Sandra Fox was a fighter.
Norberto Santana, Jr.
A pioneering leader in the nation’s rising nonprofit news movement and an award-winning journalist. Santana has established Voice of OC as Orange County’s civic news leader, uncovered truths across Southern California governments for more than two decades and reported on Congress and Latin America. Subscribe now to receive his latest columns by email.
As a reporter, one of the great joys of the job over the years has always been the amazing and inspiring privilege of meeting people like Sandra.
She was a county worker who turned into a labor activist — not by choice, but because she saw a need to stand up to her bosses against unsafe working conditions and how taxpayer money could be better spent.
These kinds of people stand up.
Against all odds and risks.
They stand up.
That was Sandra, always there to stand up.
Covid killed her this year.
She was one of the more than 4,800 Orange County residents who were killed by the coronavirus this past year, according to Orange County Health Care Agency statistics.
Sadly, Sandra was part of the Winter wave that flooded local hospitals heading into the New Year.
She was dead by Feb. 12.
For her mom, Frieda Fox, one of the toughest parts was the funeral delays after Sandra died, something she said that has caused her so much distress.
“We need to be advocates for those who have lost their loved ones … we need to have some resources for them,” Frieda told me. “You have no idea how hard this is — to not be able to put your loved one to rest. On top of your pain, the agony is prolonged by all this.
I feel blessed…some can’t even bury their loved ones.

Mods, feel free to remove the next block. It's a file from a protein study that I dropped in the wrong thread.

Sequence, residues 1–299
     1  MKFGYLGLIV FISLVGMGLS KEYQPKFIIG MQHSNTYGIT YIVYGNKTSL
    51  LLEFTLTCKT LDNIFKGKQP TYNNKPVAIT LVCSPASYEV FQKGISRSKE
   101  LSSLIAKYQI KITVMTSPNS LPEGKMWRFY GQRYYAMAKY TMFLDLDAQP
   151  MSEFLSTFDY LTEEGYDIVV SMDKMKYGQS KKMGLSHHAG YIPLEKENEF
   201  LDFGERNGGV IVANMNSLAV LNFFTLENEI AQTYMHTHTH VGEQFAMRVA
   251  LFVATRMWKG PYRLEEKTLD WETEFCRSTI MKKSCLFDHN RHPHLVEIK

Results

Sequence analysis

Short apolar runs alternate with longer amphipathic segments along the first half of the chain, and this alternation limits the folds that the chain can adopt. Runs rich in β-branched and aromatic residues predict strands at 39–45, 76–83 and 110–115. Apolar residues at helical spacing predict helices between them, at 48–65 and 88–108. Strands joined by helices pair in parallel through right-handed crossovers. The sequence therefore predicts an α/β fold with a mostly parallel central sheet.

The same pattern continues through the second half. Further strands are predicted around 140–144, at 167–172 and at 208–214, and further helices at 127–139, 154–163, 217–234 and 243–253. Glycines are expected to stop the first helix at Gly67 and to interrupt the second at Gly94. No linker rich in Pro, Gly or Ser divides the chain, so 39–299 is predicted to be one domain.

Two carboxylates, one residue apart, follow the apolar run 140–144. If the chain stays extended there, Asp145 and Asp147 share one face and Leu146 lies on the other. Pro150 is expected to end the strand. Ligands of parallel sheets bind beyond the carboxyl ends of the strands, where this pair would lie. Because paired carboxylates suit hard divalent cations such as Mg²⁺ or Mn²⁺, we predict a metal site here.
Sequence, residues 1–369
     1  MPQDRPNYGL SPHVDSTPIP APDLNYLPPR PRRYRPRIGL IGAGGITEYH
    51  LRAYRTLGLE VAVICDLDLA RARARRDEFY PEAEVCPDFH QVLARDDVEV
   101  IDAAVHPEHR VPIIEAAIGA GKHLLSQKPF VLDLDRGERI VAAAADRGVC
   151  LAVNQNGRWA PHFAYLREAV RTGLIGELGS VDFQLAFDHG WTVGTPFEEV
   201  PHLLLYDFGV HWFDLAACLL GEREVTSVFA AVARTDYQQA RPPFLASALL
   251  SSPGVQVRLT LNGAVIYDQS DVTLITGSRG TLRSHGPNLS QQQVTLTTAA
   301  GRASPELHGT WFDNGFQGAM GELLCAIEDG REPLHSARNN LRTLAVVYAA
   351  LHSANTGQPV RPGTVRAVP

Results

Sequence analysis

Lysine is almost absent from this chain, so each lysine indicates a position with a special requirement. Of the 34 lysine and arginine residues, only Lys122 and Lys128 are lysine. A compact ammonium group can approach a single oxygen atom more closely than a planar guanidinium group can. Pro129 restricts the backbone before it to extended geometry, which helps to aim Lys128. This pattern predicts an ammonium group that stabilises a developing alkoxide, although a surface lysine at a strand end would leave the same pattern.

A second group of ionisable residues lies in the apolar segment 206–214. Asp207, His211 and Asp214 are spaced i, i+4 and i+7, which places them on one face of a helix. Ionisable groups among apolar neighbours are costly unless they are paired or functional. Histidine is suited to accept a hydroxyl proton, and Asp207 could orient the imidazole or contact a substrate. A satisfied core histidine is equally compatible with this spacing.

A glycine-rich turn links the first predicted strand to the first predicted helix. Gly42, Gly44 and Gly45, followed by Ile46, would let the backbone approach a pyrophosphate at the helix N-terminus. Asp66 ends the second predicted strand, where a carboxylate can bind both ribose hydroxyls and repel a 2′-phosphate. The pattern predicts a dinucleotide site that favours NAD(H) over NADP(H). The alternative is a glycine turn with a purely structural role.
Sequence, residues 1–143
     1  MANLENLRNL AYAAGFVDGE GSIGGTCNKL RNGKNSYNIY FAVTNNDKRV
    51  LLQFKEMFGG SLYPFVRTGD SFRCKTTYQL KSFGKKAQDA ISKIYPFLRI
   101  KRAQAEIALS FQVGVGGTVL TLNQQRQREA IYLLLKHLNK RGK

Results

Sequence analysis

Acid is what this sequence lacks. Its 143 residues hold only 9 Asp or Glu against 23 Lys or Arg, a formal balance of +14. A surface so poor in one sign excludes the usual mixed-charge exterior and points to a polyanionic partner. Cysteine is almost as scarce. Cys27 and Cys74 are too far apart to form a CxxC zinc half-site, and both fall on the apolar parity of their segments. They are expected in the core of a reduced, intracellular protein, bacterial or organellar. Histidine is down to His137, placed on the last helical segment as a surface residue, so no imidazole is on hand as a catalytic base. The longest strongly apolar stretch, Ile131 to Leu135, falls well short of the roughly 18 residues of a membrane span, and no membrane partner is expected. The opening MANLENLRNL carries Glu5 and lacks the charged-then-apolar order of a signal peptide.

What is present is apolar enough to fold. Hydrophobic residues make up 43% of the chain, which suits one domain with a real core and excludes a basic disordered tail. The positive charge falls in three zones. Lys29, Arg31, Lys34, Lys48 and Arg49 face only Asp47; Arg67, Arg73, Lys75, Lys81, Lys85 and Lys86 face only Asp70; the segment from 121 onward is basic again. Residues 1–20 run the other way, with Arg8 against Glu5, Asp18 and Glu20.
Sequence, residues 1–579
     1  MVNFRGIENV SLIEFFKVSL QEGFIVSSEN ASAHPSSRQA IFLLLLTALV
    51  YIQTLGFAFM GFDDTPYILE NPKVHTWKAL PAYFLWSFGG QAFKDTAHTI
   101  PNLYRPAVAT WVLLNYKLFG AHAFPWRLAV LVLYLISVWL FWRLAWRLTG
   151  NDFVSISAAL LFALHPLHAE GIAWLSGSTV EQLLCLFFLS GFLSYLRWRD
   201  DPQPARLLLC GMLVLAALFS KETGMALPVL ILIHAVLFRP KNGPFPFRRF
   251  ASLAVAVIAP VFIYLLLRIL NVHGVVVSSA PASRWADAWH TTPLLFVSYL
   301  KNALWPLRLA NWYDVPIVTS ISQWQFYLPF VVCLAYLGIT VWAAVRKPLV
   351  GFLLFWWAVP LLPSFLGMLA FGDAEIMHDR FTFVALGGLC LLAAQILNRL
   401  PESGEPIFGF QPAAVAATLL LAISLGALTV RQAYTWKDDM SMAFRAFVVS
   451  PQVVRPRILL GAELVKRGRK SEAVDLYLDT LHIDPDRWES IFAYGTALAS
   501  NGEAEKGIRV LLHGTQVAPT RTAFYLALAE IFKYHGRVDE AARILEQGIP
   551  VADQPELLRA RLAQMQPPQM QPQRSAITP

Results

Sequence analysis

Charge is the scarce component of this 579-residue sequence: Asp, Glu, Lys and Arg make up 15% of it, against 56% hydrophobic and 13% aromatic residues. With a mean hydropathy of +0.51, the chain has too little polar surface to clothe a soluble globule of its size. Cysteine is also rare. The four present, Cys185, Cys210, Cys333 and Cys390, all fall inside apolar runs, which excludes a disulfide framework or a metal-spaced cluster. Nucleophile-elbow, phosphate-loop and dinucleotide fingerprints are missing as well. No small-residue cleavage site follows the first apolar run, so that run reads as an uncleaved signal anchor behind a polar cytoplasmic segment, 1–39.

It’s not closure you get.
That’s what we want. What we need.”
I still remember hearing about Sandra’s death from another labor activist, and feeling my legs buckle from the shock — trying to reconcile how tough and resilient she was against the fact that she had lost to Covid.
What? Where? When? How?
It took me a bit to find Sandra’s family, who were more than willing to talk.
See, County of Orange officials have spent the last year making sure that no one can know who has died from Covid or where those infections happened.
They say the good of not knowing anything about Covid deaths far outweighs any benefits from having cold, hard data about what’s happened.
Yet, locking down public information about deaths or outbreaks hasn’t helped county officials manage the pandemic.
Now, in public, county supervisors have yet to address or memorialize the dead.
Or talk much about the needs of survivors.
That time is long overdue.
Imagine if an airliner went down over Orange County skies killing 500 people every month.
Every single month.
Would we go this long before memorializing the dead or publicly talking about getting affected families much needed support?
The Santa Ana-based nonprofit community organization, Latino Health Access, took it upon themselves to honor the dead last year with a mobile Dia de los Muertos float.
The City of Irvine memorialized their Covid dead on the city website and helps connect people to federal resources for funeral costs reimbursement.
The challenge during Covid is that there’s been no rest for anyone.
And the deaths keep coming.
Even recently, when we are so thankful that hospitalizations have gone down, deaths continue to mount.
For Frieda Fox, she had to watch Sandra die remotely through FaceTime, eventually getting a phone call at 5 a.m., saying, “your daughter is dying.”
“It is terrible,” she recalls. “I was shaking from head to toe.
Covid has been an ongoing nightmare in so many ways — consider that most families I am talking to are describing incredibly long delays just to bury their dead relatives.
That’s something that can be potentially dealt with, if addressed publicly, say by county supervisors who have $540 million at their disposal.